clock menu more-arrow no yes mobile

Filed under:

Big East Season Preview: St. John's Red Storm

It hasn't been done in over a decade, but St. John's may have its best shot at doing the unthinkable: Winning an NCAA tournament game.


A lot can happen in 14 years. I mean, think about it. A child can go from birth to the eighth grade. A car can go from brand new to the junk yard. But for the Red Storm of St. John’s, a decade plus has only meant one thing: Zero NCAA tournament wins. Bupkis in the Big Dance.

But year four of the Steve Lavin era should lead to that elusive next victory in March Madness for the once proud St. John’s program. And the reason for the hope is twofold: St. John’s has the experience and it has the talent required to not only get a victory, but also to potentially bust someone’s NCAA tournament bracket.

Where They Left Off – St. John’s had a brutal end to the 2012-13 regular season, losing 8 of its last 10 games. That took a potential NCAA tourney bubble team all the way down to the NIT, where the Red Storm squeaked out a win at St. Joseph’s before getting run over by Virginia.

The final numbers weren’t pretty, 17-16 overall and an 8-10 Big East record. Not only were the statistics bad, drama once again found its way into the Red Storm locker room. Leading scorer D' Angelo Harrison was booted from the team by Lavin late in the season. Essentially, if it could go wrong, it did for the Johnnies.

What They Know – Well, first , last season is over with. That’s certainly a plus. The other good news for Red Storm fans is that over 90% of the teams scoring from last season is back. (There’s that experience factor I was referring to.)

Harrison, and his 17.8 ppg, is back with the team – apparently given a fresh start by Lavin and his staff. And, looking around at the returnees, here’s a fun fact sure to surprise your friends at parties: Did you know that big man JaKarr Sampson was the Big East Rookie of the Year last year? It’s true, look it up! Sampson will be looking to improve off of his 14.9 ppg he averaged last season.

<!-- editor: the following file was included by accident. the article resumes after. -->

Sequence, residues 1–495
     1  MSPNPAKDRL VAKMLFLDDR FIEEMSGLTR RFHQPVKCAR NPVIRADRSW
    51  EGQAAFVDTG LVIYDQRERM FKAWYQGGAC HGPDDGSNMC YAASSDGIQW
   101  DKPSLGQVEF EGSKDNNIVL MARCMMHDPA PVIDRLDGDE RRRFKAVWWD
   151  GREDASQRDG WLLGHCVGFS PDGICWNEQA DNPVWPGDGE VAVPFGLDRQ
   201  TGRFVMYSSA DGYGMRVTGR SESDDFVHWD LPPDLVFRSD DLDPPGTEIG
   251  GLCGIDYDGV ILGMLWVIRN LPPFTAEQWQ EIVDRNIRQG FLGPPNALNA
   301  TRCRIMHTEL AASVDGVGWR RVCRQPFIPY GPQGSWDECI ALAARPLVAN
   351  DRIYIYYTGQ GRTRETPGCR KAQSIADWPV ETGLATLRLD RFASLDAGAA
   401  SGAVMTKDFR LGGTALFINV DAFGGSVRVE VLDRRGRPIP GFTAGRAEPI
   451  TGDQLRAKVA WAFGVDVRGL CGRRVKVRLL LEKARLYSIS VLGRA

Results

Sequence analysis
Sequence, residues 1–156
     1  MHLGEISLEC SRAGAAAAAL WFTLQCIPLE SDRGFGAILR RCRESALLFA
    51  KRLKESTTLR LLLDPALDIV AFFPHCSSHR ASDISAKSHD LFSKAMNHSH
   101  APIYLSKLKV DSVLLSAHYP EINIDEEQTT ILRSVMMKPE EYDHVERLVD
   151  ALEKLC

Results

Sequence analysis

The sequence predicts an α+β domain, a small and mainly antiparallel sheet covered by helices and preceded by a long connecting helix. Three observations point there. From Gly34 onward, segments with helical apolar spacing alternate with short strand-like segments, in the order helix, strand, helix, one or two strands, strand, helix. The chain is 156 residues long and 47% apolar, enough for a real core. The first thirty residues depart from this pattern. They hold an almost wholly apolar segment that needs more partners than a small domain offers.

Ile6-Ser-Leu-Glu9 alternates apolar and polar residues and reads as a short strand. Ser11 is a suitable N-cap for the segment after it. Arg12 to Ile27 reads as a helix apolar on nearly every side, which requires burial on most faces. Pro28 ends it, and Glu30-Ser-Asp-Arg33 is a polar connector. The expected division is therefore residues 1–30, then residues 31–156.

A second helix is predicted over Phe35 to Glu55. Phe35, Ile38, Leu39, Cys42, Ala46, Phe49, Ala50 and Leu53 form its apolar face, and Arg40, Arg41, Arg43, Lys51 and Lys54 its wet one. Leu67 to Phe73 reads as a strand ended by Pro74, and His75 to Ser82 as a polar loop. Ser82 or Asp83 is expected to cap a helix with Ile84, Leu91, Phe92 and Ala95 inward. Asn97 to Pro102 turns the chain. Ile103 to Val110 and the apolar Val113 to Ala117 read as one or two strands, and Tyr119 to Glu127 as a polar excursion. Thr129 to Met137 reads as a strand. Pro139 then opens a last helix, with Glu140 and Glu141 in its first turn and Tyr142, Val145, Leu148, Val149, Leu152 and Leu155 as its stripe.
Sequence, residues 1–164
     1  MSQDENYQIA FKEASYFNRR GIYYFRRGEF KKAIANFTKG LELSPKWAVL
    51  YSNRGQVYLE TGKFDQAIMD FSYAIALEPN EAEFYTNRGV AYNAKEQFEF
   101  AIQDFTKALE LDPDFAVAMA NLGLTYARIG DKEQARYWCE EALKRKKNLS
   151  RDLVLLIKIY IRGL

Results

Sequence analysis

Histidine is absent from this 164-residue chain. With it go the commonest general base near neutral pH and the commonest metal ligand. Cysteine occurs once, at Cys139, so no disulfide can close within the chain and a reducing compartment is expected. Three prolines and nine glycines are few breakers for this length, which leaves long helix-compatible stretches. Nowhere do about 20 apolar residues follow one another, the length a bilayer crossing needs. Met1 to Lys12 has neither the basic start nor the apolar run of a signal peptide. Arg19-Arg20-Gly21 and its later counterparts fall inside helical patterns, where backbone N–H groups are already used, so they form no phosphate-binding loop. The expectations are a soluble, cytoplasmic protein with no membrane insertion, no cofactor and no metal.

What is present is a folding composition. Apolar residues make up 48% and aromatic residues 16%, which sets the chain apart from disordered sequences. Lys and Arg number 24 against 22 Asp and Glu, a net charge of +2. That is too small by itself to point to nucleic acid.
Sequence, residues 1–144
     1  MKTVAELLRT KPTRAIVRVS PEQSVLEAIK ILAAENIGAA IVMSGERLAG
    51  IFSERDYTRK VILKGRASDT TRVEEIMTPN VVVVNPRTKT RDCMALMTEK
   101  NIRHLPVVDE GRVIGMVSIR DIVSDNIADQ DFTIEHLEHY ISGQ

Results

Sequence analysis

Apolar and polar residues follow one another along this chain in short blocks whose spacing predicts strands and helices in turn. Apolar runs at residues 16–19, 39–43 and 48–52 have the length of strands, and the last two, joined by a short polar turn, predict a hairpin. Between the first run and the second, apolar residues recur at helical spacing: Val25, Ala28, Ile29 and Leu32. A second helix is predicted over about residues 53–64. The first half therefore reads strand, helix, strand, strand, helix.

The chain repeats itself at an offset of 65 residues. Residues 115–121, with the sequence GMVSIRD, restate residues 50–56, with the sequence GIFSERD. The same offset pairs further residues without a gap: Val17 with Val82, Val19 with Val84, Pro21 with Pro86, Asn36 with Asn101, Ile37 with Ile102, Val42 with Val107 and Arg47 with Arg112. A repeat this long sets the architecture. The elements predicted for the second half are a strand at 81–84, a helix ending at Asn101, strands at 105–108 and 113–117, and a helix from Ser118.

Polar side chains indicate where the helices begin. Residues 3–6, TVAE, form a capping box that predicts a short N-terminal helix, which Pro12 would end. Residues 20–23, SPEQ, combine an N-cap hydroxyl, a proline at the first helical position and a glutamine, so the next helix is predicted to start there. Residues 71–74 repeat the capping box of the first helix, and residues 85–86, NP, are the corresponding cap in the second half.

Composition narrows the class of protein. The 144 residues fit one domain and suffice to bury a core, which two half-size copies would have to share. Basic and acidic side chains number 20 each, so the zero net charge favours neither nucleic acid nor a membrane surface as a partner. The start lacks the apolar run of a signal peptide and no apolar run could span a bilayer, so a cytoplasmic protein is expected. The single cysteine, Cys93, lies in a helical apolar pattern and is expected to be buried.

But wait there’s more! Sampson’s frontcourt mates, Sir' Dominic Pointer and Chris Obekpa, return as well. And keeping with the wacky trivia theme, outside of Red Storm fans, you may not have known that Obekpa finished second in the nation with 4.0 blocks per game.

Oh, and who could ever forget about redshirt big man God'sgift Achiuwa (9.4 ppg, 5.8 rpg). God'sgift has to make a leap this season, if only because his name won’t allow him to do anything but be good, right? Phil Greene IV is also back in the fold, a guard who averaged 10.1 ppg last season.

(I’m beginning to question how in the world this team fell off the map so badly last year.)

What They Don’t Know…Yet – The newbies. There’s one thing you can say about Lavin, he goes all-in when it comes to recruiting. Despite the years of NCAA futility, and the subpar 2013, Lavin brought in an All-America junior college forward Orlando Sanchez and Rysheed Jordan, a top-20 recruit in the nation who was voted Big East Preseason Rookie of the Year. Also new to the mix is transfer Max Hooper. He has "hooper" in his name, so he's obviously going to be great too, right?

What Else Is New? -- Oh yeah, the league! The Big East Conference as we knew it is gone. No longer will the Red Storm battle rivals like Syracuse, Connecticut, and Pittsburgh. Instead of Orangemen, Huskies, and Panthers there will be Bulldogs (Butler), Blue Jays (Creighton), and Musketeers (Xavier).